To understand the motives and goals of Islamic jihad terrorists, a good place to start is to explore what they themselves say about why they’re doing what they’re doing, and what they want. That leads directly to the Qur’an (or Koran), the Islamic holy book.
The jihadists quote the Qur’an frequently and portray themselves as those who are following “pure Islam,” the genuine article as it is taught in the Qur’an and Islamic tradition. Yet Islamic groups in the West — such as the Hamas-linked Council on American-Islamic Relations — insist that the jihadis are misusing the Qur’an, and that non-Muslim analysts who trace the jihadis’ activity to the Qur’an are “cherry-picking” violent passages and quoting them “out of context.”
The Obama administration has crafted its entire Middle East foreign policy based on this claim.
From Nigeria to Iran, the administration believes that promoting the “in-context,” complete message of the Qur’an will bring about a peaceful, safer Middle East.
So we’re going to read the Qur’an. All of it. Nothing “cherry-picked” or “out of context.”
And we’re going to invite elected officials, journalists, and other newsmakers who have made public claims about the nature of Islam to debate and read along with us.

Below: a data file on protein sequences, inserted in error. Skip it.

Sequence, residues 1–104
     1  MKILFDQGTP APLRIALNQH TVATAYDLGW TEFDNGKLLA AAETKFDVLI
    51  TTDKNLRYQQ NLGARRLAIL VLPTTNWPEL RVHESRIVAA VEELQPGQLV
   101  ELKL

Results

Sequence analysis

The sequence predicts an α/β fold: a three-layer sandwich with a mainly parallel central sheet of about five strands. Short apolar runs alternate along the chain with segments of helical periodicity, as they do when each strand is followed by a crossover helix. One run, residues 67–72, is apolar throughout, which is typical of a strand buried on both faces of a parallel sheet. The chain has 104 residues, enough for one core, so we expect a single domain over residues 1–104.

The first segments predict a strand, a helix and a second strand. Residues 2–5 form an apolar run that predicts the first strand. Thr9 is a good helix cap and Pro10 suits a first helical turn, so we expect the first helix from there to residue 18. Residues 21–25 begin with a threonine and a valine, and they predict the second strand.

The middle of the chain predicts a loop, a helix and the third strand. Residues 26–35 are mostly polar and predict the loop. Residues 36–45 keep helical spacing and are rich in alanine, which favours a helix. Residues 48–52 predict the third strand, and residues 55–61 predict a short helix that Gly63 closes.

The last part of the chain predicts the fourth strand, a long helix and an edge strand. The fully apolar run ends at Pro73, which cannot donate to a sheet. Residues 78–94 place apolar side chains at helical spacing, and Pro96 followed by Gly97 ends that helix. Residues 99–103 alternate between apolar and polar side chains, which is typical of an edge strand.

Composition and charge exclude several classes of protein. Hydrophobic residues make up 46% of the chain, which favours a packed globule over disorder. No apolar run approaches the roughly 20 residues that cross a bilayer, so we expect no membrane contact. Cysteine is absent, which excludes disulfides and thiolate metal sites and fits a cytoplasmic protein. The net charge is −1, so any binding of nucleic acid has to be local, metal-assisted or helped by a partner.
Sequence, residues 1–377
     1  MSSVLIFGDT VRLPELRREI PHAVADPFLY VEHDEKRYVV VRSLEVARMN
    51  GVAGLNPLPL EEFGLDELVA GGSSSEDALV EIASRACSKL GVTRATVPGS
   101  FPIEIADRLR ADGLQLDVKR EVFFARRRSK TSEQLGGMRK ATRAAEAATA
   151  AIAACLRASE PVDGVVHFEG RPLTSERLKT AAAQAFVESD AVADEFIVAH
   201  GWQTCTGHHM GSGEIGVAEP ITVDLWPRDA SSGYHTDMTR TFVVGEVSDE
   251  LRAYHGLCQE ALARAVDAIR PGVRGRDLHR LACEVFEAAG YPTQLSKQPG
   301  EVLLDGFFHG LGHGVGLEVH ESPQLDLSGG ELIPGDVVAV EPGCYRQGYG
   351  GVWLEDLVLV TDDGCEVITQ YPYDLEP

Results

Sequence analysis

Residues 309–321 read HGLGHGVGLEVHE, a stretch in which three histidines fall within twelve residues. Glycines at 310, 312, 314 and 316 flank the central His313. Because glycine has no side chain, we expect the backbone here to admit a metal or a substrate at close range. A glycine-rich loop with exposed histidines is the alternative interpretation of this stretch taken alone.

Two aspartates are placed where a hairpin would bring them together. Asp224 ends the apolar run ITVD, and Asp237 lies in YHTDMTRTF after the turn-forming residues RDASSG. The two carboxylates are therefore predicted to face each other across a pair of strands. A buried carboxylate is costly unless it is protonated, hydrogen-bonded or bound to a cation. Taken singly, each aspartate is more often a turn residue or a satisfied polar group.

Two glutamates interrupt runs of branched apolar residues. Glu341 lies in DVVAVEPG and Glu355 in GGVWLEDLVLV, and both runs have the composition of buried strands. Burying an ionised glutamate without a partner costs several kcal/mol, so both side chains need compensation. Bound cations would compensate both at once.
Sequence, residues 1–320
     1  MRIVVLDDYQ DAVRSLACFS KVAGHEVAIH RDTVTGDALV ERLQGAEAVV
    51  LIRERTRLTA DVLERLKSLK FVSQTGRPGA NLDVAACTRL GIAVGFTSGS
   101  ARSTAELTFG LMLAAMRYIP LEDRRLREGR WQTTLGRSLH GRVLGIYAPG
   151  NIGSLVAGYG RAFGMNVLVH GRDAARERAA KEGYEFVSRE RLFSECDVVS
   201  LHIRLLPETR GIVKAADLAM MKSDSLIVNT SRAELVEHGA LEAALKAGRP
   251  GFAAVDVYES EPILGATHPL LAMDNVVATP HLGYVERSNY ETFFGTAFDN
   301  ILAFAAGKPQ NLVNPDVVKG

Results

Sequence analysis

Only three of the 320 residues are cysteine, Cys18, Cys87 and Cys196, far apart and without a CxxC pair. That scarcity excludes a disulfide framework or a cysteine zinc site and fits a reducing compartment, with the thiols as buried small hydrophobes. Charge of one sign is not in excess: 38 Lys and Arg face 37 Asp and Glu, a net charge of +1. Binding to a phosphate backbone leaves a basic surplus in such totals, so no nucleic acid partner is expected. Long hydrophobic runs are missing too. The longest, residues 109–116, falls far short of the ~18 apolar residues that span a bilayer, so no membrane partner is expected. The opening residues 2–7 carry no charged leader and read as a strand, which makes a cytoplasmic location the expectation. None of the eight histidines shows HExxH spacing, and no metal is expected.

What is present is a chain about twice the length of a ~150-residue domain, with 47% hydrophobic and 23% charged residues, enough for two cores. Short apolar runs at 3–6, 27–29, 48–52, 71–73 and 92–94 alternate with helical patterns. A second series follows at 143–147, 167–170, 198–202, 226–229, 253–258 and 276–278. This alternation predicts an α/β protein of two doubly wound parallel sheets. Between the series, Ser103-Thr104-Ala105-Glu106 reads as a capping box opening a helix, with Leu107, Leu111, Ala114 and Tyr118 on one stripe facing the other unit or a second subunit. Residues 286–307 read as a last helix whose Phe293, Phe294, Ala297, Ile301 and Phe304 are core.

The inspiration for this, back in 2007, was David Plotz’s series on Slate, “Blogging the Bible.” But this series will be fundamentally different than that one: rather than just write about what I think or feel about a certain passage, as Plotz did regarding his own thoughts, I will refer to commentaries — all Muslim ones — on the Qur’an.
I’ll try to explain how mainstream Muslims who study the Qur’an will understand any given passage.
This is important, and is the only point in doing this: I will be posting on what the major translations and commentaries used by the world’s Muslims have to say about the Qur’an.
Not what I say, not what the Obama administration says, not what the terror-tied CAIR says, not what John Kerry says.
Written by Allah vs. Written by Men
Here is a good Arabic/English text. In Islamic theology, the Qur’an is essentially and inherently an “Arabic Qur’an” (as the Qur’an describes itself repeatedly: see 12:2; 20:113; 39:28; 41:3; 41:44; 42:7; and 43:3). In Islamic belief, the Qur’an’s meaning can be rendered in other languages, but those translations are not the Qur’an, which when no longer in Arabic is no longer itself. Some Muslim scholars even claim that the Qur’an cannot be fully understood except in Arabic.
But the blizzard of translations made by Muslims for Muslims who don’t speak Arabic — who are the great majority around the world today — as well as to proselytize among non-Muslims belies that claim.
Two of the most popular and widely used English translations of the Qur’an were written by Muslims: Abdullah Yusuf Ali, and Mohammed Marmaduke Pickthall. Those can be found here, along with four other translations by Muslims and four by non-Muslims.
(Revised March 2015)